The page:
A sense of community

Stephanie Hamilton, Director of People and Culture UK and Ireland – ISS UK explains how a strong workplace culture can make all the difference.

A diverse, exciting community is difficult to achieve in a virtual world.

These days of IT-led communicating, shopping, interacting, sharing memories and creating virtual families all seem so impersonal to me. I cannot grasp the idea that I live in a ‘virtual’ community, I like to chat things over a coffee, not read or speak to it on my screen. The trouble with this type of virtual reality is it takes a few moments to even speak to a ‘real person’. Take the voice activated telephone management systems, so broadly used now and I am sure for most, a very efficient system. For those who don’t know me, I have a Northern accent. Talking to an automated system, in my experience, with any type of accent is both annoying and also hilarious, it is often the most ridiculous one sided conversation to have!

I live in a Close, with the name Brook in it – now, I pronounce ‘Brooooook’ rather than ‘Brock’ and for the life of me, I don’t understand how I can say Close any other way than the way that I do, but, the computer most definitely says NO! I often quickly get to the point of being cut off on many automated telephone calls – I am the disaffected community, by the fact that I am actively pushing back on the virtual community – ‘they’ don’t understand me, my northern accent and I prefer the personal touch!

A strong sense of real community or culture is a feature in the work place that we should not overlook. I don’t feel that a virtual community is something that people can have a strong sense of belonging to, not when we all have to have the same accent and inflection of voice. In my opinion, a feeling of belonging and sense of being oneself at work  is critical to success and an ability to really achieve great things in our work space. This is a sense of true community.

Driving culture can come from key points in the employee journey. At ISS we call them Touchpoints, the key moments in an employee’s day that really makes the difference to them and their productivity as well as providing a sense of belonging and wellbeing. Just identifying and managing these moments says a lot about our culture. After all, if we spend time, money and resources on making these Touch points positive employee experiences, this in its self lets people know how critical we see the team and how they feel about working for us.

We have recently published a whitepaper on the direct link between employee engagement and positive service experiences, the premise of which is that better engaged employees provide better service – that sounds easy when written in a sentence! The implementation of employee engagement strategies, on a workforce that spans cultures, industries and regional boundaries requires strong leadership and development, but it also requires community. A sense of belonging, of a shared goal, something that is private and meaningful to an individual, an enabler that within this community you are allowed to be yourself, that you will be celebrated and supported, enabled to do your job well and to achieve your aspiration.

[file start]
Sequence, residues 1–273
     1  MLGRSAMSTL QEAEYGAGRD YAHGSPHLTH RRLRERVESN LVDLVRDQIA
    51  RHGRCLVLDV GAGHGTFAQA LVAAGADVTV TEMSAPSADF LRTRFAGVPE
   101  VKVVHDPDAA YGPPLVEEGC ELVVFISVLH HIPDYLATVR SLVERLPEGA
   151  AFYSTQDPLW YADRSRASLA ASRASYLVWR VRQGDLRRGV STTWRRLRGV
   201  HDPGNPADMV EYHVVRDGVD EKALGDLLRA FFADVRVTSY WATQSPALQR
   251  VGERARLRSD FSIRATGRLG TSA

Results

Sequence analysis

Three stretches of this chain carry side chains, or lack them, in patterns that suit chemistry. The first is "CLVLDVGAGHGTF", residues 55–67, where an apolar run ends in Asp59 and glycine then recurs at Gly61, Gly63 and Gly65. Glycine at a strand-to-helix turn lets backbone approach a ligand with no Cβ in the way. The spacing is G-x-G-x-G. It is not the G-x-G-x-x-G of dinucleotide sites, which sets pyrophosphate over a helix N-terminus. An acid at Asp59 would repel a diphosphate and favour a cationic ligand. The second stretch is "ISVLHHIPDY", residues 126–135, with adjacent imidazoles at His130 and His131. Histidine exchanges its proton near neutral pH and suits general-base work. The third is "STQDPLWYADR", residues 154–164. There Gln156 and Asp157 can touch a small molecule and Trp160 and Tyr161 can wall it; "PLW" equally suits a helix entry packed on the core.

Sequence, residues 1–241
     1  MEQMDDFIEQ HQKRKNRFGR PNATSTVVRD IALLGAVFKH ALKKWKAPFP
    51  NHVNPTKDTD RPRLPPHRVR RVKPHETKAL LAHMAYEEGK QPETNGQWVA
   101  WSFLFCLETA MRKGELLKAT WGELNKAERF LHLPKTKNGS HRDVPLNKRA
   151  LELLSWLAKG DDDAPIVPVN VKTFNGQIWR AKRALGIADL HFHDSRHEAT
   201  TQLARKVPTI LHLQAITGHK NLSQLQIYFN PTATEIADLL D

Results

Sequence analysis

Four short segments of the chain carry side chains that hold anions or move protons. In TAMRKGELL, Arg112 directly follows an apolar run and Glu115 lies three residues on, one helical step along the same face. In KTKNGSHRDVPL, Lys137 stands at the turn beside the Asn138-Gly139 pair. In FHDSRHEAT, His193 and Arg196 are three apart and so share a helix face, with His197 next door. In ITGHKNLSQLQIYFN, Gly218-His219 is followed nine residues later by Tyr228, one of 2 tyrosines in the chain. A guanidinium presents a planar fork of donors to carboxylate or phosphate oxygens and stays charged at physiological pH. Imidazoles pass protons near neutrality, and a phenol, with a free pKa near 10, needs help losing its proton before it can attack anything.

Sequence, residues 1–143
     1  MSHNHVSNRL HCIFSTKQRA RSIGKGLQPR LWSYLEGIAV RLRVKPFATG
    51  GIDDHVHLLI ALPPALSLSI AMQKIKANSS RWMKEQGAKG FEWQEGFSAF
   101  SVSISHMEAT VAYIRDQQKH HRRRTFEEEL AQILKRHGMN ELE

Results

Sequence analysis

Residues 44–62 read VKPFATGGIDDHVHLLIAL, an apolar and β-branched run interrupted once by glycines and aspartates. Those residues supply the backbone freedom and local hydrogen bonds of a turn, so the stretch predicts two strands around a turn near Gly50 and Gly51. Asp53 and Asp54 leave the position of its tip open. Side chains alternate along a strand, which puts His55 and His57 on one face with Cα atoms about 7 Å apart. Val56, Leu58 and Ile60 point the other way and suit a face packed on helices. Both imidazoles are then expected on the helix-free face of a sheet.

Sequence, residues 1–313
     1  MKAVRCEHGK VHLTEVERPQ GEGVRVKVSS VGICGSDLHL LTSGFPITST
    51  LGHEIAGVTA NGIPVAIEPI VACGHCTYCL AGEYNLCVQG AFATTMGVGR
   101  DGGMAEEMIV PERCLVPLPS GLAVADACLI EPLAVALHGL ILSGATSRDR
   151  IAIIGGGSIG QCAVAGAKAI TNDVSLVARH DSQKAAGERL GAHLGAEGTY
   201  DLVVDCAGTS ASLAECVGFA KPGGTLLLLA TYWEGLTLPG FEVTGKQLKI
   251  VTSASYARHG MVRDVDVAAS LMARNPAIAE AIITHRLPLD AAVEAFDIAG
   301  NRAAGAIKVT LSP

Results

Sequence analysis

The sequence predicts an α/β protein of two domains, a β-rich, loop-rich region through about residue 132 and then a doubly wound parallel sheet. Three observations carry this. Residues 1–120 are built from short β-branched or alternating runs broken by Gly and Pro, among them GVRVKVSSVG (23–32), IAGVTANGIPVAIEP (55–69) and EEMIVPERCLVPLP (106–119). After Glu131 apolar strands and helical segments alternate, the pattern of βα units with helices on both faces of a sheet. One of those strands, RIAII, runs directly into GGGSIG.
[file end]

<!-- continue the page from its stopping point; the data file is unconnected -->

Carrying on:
A sense of community in these challenging times, is crucial and it is something that we are intentional about building at ISS. This creates the foundation for a workforce that is engaged and enabled, but also supported and respected as individuals, nothing virtual here, concrete solid foundations that lead the business in our pursuit to become the world’s greatest service organisation.

I speak about many things in induction, but my main area of conversation is reminding people on connecting their feelings to their work. When I feel welcome at work, I become a better employee, when I feel accepted by my peers, co-workers, neighbours and colleagues, I am better in all aspects of being me. 

The recent tragedy in Manchester saw the very worst of times for all those involved and the best of community spirit, of people helping and supporting each other, both emotionally and physically.  People who took to the streets with cups of tea and water, of taxi drivers taking people home, of strangers opening their home.

These people demonstrated a sense of community spirit, when the hardest times were upon them. My article this month is dedicated to them, to say ‘thank you’ for those moments of selfless behaviour and for giving my daughter the role models, found in that community at a time when it would be so easy to retreat and view the tragedy online, in a virtual capacity. To the good people, that went out and demonstrated the sense of what the community stands for, to those people that far outweigh anything else.